The Aqueous History of Mars
- Pages: 2
- Word count: 454
- Category: Mars
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The aqueous history of Mars has become contradictory subject matter, with geological and climate modelling at odds with each other. Current climate models show that the atmosphere contains only minute amounts of water, liquid water is unstable everywhere, and ice has been detected only at the North Pole (Carr, 1996). Yet, the dry river channels, alluvial fans, deltas, and valleys on Mars indicate substantial surface water and fluvial erosion during the Noachian (4.1-3.7 Ga) and parts of Hesperian (3.7-2.9 Ga) (Bishop et al., 2018; Lapotre and Lamb, 2018). Uncertainties also exist about how the water inventory has evolved. Some maintain that Mars started out with a large water inventory but lost most of it early on by escaping to space (Clifford and Hillel, 1983); others maintain that the abundant evidence of water erosion is a testament to the water’s retention on the planet (Pepin, 1994). The resulting speculation is that Mars has undergone major changes in climate. Older models speculate that Mars has experienced global, episodic changes throughout its history due to orbital and rotational motions of the planet (Ward, 1992). However, recent geologic evidence suggests that intense regional weathering due to short “warm and wet” conditions on very early Mars gave way to less intense weathering as the climate became cooler and drier (Bishop and Rampe 2016; Bishop et al. 2018). 3. Classification techniques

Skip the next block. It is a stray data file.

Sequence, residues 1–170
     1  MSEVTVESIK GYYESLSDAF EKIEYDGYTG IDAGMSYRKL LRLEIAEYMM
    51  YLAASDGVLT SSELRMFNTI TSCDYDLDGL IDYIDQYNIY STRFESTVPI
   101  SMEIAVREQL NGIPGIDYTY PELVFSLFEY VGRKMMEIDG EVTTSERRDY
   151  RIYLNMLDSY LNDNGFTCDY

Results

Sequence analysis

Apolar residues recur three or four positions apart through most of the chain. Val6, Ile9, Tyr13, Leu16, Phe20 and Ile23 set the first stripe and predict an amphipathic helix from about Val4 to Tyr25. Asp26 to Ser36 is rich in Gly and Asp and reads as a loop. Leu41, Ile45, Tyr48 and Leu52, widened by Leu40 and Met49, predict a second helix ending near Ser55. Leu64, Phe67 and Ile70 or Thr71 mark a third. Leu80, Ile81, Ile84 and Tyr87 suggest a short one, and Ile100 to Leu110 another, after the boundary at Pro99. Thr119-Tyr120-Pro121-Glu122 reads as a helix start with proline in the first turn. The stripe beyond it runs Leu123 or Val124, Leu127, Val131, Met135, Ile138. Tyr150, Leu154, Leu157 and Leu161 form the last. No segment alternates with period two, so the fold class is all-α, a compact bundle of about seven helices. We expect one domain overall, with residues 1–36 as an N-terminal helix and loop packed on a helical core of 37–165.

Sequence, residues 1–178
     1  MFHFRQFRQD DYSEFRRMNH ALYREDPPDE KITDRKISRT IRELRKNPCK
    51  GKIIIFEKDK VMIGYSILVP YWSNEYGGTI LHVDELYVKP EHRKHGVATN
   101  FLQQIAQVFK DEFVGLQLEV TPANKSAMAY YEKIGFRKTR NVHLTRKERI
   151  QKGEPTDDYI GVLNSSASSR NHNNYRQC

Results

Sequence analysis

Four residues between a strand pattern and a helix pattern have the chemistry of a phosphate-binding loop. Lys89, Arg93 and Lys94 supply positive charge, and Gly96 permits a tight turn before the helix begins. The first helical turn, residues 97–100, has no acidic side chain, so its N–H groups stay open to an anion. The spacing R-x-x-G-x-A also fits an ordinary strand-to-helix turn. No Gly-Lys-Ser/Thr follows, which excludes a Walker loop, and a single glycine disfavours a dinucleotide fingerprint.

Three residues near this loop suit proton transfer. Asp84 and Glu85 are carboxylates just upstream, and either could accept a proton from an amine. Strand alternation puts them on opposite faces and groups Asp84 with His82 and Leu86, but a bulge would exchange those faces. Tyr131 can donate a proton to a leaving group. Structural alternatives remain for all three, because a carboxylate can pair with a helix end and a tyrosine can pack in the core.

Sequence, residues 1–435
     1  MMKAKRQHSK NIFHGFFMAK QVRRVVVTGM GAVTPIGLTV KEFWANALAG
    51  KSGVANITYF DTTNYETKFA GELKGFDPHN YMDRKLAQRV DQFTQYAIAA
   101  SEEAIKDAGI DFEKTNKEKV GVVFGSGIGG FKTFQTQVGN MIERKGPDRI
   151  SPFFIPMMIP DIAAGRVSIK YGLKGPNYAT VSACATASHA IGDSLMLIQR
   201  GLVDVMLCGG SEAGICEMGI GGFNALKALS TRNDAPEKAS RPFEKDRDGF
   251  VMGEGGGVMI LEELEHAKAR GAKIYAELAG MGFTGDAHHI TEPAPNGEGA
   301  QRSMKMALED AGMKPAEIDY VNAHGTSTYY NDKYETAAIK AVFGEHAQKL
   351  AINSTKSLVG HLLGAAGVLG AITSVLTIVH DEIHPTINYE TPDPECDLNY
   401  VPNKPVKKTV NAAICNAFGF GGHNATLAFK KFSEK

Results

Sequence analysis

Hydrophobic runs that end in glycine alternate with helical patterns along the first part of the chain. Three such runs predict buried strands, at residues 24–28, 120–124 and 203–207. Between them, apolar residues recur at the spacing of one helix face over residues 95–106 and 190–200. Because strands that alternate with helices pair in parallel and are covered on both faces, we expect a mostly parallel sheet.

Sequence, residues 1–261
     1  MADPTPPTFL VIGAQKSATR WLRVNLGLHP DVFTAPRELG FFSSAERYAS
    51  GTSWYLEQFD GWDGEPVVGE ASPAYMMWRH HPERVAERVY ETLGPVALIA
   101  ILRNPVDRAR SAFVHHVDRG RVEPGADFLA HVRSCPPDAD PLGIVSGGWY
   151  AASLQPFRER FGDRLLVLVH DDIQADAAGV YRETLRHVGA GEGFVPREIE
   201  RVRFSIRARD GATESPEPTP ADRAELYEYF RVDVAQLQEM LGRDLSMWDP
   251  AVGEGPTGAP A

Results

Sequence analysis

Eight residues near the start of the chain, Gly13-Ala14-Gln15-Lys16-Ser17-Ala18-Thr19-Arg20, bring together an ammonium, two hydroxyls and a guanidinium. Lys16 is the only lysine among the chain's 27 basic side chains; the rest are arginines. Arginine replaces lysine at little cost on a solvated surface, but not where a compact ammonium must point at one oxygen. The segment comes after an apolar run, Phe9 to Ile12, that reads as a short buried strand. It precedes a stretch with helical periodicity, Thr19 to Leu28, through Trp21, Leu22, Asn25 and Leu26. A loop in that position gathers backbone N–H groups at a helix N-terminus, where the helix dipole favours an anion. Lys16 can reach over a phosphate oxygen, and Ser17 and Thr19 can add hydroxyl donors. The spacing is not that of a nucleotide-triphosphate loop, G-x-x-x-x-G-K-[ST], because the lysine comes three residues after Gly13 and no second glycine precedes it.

We will collect multi- and hyper- spectral data imagery on Earth analog and Martian soil samples. While multispectral instruments offer a handful of bands, a major limitation of multispectral sensing is that it uses average spectral information over broadband widths resulting in the loss of critical waveband information which is available in specific narrow bands. In contrast, hyperspectral sensors acquire many, very narrow, contiguous spectral bands throughout the visible, near infrared, mid-infrared, and thermal infrared portions of the electromagnetic spectrum (Govender, 2007). While high spectral resolution is required to resolve the fine spectral differences between nanominerals, sensing in many adjacent narrow wavebands can produce reflectance spectra containing considerable autocorrelation (Blackburn, 2007). The autocorrelation causes redundancy within hyperspectral data sets; therefore, it is necessary to employ appropriate techniques to characterize the main sources of spectral variability and to identify optimal wavebands that offer maximum informational content (Blackburn, 2007), otherwise known as feature selection. The goal of an optimum feature extraction method for target (mineral) detection and classification is not only to reduce the data dimensionality in order to reduce computation costs, but also to improve the efficiency of classification by extracting features that maximize the separation between the underlying classes (Cheriyadat and Bruce, 2003). Since spectral data for each material is inter- and intra-specific, careful feature extraction and classification is necessary for discriminating between the nanophase materials.